UCLA Campus    |   UCLA Health    |   School of Medicine Translate:
UCLA Health It Begins With U

UCLA Transplantation Services

Print
Email
Share

Intestinal Transplant

Intestinal Transplantation at the Dumont-UCLA Transplant Center

100th Intestinal Transplant

In June 2009, UCLA performed its 100th intestinal transplant. UCLA's
intestinal transplantation program, under the direction of
Douglas Farmer, M.D., was established in 1991, and is one of only
five such programs in the country to reach this important target. In
addition, UCLA's intestinal transplant survival rates are equal to or
better than any center in the world, Dr. Farmer says.  Read more 

Transplantation of the intestine is a procedure performed regularly at a few specialized transplant centers in the USA and world. As one of the world’s leaders in solid organ transplantation, the University of California, Los Angeles (UCLA) was one of the first centers to establish a program of intestinal transplantation. This program grew from the already established, successful, and busy liver transplant program in an effort to meet the needs of a unique set of patients with short bowel syndrome (SBS or short gut syndrome (SGS)), dependence on total parenteral nutrition (TPN), and advanced liver disease. Established in 1991, this program has grown steadily over the past decade under the guidance of Dr Douglas G. Farmer. The Dumont-UCLA Intestinal Transplant Program is one of the largest of its kind in the world offering transplantation of the intestine alone, liver and intestine, and multivisceral combinations to appropriate adult and pediatric candidate needs.

One of the true strengths of the program is the multidisciplinary approach taken for each patient referred for evaluation. This program operates under the larger UCLA Intestinal Failure Center. An experienced team consisting of specialists in transplantation surgery, gastroenterology, hepatology, cardiology, pulmonology, nephrology, nutrition, social work, and psychiatry routinely evaluate the unique needs of this patient population. Intestinal function is carefully assessed based on length, location, and function of remnant intestine. For patients with intestinal failure, the appropriate transplant involving the intestine is recommended. However, intestinal transplantation is not appropriate for all patients and any of a number of medical and/or surgical treatment options can be offered and administered as indicated including intestinal lengthening procedures, restoration of intestinal continuity, and intestinal anastomosis/resections. When appropriate, patients benefit from a long-term, careful follow-up by the multidisciplinary team resulting in optimal care and incorporating changes in the condition of the patient over time.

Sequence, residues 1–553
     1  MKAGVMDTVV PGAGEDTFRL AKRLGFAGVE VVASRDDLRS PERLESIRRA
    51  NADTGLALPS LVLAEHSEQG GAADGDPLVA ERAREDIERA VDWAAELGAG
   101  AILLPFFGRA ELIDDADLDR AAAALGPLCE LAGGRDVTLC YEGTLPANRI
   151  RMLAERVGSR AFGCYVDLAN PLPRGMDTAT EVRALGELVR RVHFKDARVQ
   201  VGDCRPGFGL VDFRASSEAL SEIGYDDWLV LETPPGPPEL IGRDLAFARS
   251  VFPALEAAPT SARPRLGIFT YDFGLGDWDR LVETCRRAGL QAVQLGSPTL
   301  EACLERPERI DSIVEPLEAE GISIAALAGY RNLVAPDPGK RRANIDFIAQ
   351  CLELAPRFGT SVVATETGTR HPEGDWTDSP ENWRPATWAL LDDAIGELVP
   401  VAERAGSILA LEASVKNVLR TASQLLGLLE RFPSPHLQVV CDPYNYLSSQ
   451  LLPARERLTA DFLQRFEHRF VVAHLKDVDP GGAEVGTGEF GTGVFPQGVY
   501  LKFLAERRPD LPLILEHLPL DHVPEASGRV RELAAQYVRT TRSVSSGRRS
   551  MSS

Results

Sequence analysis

Dr. Doug G. FarmerThis approach has resulted in continued success over the past decade. Recipients of intestinal transplants at UCLA enjoy one of the highest survival rates in the world. Furthermore, clinical experience, preemptive and prophylaxis therapies have led to reduced rates of rejection and viral infections after transplantation. Successful transplantation leads to independence from TPN and reliance solely on enteral/oral nutrition to meet caloric needs.

Consults are available for intestinal transplant evaluation as well as to assist with the medical and surgical management of patients with difficult gastrointestinal conditions, short bowel syndrome, TPN-dependence, and liver disease. Information concerning the Intestinal Transplant Program at the Dumont-UCLA Transplant Center or concerning intestinal transplantation in general, can be obtained by writing or calling the central offices.

Our Expert Team

Intestinal Transplant Team

Contact Us

UCLA Intestinal Transplant Program (310) 825-2175

How to Schedule Your Evaluation Appointment at UCLA


Intestinal Transplant Links and Downloads

pdf file download What is the Intestine: Introduction to Intestinal Transplantation

pdf file download Intestinal Teaching Handbook


The United Network for Organ Sharing (UNOS) provides a toll-free patient services lines to help transplant candidates, recipients, and family members understand organ allocation practices and transplantation data. You may also call this number to discuss problems you may be experiencing with your transplant center or the transplantation system in general. The toll-free patient services line number is 1-888-894-6361 

 

UCLA Rated One of the Top Hospitals in the Nation